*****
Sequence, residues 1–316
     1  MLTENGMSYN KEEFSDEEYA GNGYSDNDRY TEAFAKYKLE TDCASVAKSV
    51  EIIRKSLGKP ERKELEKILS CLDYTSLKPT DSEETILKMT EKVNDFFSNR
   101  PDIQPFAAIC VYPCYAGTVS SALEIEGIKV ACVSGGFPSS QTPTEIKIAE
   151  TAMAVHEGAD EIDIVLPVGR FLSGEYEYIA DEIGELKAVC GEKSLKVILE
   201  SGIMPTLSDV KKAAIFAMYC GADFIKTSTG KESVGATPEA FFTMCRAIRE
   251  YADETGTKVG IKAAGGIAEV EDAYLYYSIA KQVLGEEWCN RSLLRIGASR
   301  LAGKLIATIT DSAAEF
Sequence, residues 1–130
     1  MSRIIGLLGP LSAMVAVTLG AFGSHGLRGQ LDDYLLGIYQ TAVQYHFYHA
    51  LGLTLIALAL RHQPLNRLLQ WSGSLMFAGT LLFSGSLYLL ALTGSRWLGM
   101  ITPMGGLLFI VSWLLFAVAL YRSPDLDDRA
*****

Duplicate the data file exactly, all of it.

Sequence, residues 1–316
     1  MLTENGMSYN KEEFSDEEYA GNGYSDNDRY TEAFAKYKLE TDCASVAKSV
    51  EIIRKSLGKP ERKELEKILS CLDYTSLKPT DSEETILKMT EKVNDFFSNR
   101  PDIQPFAAIC VYPCYAGTVS SALEIEGIKV ACVSGGFPSS QTPTEIKIAE
   151  TAMAVHEGAD EIDIVLPVGR FLSGEYEYIA DEIGELKAVC GEKSLKVILE
   201  SGIMPTLSDV KKAAIFAMYC GADFIKTSTG KESVGATPEA FFTMCRAIRE
   251  YADETGTKVG IKAAGGIAEV EDAYLYYSIA KQVLGEEWCN RSLLRIGASR
   301  LAGKLIATIT DSAAEF
Sequence, residues 1–130
     1  MSRIIGLLGP LSAMVAVTLG AFGSHGLRGQ LDDYLLGIYQ TAVQYHFYHA
    51  LGLTLIALAL RHQPLNRLLQ WSGSLMFAGT LLFSGSLYLL ALTGSRWLGM
   101  ITPMGGLLFI VSWLLFAVAL YRSPDLDDRA